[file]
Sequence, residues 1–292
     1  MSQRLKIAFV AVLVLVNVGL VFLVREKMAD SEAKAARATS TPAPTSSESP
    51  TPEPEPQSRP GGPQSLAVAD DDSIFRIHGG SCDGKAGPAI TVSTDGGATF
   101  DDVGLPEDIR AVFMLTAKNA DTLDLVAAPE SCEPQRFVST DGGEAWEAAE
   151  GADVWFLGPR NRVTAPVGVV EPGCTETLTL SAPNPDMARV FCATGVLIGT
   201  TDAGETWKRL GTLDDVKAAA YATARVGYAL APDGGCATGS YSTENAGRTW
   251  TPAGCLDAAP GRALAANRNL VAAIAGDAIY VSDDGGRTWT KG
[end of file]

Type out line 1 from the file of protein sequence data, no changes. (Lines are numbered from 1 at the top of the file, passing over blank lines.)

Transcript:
Sequence, residues 1–292